No Caption Needed is a book and a blog, each dedicated to discussion of the role that photojournalism and other visual practices play in a vital democratic society. No caption needed, but many are provided. . . .

October 28th, 2007

Sight Gag:Doctor Madison Avenue

Posted by Hariman in sight gags


Our primary goal with this blog is to talk about the ways in which photojournalism contributes to a vital democratic public culture. Much of the time that means we are focusing on what purport to be more or less serious matters. But as John Stewart and Stephen Colbert often remind us, democracy needs irony, parody, and pure silliness as much as it needs serious contemplation. For our part, we will dedicate our Sunday posts to putting some of that silliness on display in what we call “sight gags,” democracy’s nod to the carnivalesque. Sometimes we will post pictures we’ve taken, or that have been contributed by others, or that we just happen to stumble across as we navigate our very visual public culture. And we won’t just be limited to photography, as a robust democratic visual culture consists of much more. We typically will not comment beyond offering an identifying label, leaving the images to “speak” for themselves as much as possible. Of course we invite you to comment … and to send us images that you think capture the carnival of contemporary democratic public culture.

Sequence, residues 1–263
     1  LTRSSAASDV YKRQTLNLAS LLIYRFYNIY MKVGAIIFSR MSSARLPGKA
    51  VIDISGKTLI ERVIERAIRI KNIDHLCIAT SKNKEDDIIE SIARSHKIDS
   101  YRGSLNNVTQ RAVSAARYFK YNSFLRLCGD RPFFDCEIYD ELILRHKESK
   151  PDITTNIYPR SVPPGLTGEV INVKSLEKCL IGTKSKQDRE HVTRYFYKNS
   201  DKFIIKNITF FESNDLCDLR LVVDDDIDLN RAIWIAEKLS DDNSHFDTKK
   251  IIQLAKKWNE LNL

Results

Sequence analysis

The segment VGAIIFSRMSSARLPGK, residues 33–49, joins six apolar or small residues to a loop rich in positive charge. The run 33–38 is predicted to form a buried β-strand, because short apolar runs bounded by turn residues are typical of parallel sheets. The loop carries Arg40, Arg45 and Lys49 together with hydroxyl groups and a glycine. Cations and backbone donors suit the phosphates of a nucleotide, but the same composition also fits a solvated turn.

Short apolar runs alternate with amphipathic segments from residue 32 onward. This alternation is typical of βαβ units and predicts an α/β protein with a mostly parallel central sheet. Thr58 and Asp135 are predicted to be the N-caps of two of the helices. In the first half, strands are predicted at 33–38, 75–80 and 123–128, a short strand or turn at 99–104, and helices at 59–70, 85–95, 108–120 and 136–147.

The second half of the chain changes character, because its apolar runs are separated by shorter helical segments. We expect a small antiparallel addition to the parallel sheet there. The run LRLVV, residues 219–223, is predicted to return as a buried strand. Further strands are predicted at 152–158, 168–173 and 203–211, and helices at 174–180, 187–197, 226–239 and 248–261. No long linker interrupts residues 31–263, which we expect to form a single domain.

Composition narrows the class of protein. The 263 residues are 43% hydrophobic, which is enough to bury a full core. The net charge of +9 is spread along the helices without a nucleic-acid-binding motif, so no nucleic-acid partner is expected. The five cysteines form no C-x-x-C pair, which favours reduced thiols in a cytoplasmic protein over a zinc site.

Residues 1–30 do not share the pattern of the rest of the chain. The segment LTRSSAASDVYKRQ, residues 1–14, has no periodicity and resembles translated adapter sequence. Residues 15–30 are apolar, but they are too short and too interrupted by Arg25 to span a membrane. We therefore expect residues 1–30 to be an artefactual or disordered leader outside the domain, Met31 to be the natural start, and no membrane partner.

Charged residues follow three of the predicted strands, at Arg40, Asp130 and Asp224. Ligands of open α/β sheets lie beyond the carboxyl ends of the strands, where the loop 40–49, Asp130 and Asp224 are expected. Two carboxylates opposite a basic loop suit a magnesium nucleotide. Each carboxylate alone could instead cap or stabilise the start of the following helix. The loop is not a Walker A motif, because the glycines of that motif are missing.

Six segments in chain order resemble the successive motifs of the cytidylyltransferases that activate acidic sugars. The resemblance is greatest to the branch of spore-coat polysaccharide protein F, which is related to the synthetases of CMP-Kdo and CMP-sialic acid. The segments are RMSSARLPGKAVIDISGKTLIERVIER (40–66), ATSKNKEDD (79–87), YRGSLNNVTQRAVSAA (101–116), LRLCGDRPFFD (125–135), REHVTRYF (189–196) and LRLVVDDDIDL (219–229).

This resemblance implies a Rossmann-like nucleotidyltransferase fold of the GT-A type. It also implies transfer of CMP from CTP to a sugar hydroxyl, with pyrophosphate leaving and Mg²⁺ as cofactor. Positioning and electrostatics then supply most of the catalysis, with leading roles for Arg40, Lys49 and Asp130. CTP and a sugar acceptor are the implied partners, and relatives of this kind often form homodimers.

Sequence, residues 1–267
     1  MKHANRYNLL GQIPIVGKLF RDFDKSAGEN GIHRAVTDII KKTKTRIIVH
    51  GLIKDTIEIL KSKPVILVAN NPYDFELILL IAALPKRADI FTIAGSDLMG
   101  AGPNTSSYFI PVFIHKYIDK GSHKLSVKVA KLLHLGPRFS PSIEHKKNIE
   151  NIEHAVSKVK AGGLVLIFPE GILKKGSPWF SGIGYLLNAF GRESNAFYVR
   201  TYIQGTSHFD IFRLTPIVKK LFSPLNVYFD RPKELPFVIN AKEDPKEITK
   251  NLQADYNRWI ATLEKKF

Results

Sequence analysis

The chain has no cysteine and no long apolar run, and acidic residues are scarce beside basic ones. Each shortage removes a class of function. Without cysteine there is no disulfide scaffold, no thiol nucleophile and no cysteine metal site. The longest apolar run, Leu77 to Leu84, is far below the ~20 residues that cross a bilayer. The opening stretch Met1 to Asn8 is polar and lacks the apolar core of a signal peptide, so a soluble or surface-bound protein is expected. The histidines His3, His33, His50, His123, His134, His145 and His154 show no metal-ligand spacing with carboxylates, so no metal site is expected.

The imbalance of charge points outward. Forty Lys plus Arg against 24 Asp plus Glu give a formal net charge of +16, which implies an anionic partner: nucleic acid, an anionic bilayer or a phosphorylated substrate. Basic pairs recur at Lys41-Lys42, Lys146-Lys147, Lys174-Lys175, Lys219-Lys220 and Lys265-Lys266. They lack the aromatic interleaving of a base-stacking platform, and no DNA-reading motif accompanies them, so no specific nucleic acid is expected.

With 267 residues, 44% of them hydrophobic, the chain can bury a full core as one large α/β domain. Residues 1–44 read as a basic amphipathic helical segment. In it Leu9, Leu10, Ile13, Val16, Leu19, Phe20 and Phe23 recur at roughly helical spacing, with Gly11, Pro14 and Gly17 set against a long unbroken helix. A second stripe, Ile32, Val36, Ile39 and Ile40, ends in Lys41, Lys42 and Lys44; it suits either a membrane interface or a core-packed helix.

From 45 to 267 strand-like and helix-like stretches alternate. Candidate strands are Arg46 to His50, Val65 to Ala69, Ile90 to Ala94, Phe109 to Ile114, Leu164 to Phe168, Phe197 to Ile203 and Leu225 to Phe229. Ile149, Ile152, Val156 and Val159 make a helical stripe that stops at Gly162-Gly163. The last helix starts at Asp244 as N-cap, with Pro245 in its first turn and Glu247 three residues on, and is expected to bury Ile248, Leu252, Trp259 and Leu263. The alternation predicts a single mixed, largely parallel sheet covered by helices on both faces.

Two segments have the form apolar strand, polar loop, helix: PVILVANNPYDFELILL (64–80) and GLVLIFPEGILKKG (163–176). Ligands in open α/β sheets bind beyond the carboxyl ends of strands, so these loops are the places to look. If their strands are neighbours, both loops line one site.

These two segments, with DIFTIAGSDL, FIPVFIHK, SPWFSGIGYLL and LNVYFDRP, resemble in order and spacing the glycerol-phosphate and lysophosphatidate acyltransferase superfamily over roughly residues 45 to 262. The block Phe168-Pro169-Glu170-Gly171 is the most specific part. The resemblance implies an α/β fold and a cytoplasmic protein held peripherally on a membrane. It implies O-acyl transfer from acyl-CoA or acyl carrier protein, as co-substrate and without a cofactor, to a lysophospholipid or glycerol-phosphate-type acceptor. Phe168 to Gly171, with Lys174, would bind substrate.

2 Responses to ' Sight Gag:Doctor Madison Avenue '

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  1. on October 28th, 2007 at 9:30 am

    […] an interesting post today on Sight Gag:Doctor Madison AvenueHere’s a quick […]

  2. brendadada said,

    on October 29th, 2007 at 12:12 am

    Damned trackback spammers!

    It’s strange that we once thought smoking was good for us. Or did we? Was that just the marketing ploy? On another note, I heard on the radio an interesting piece about Australian indigenous medicine where newborns are blown smoke to help them breathe. Pfff, one thinks, until we hear that it’s actually the smoke of burning eucalyptus bark. Hmm…

    Real tobacco, without all the horrible additives in cigarettes, might have a few beneficial effects, mightn’t it? My grandfather used to grow and cure his own and he lived to a great old age, but I guess everyone has apocryphal stories like that.

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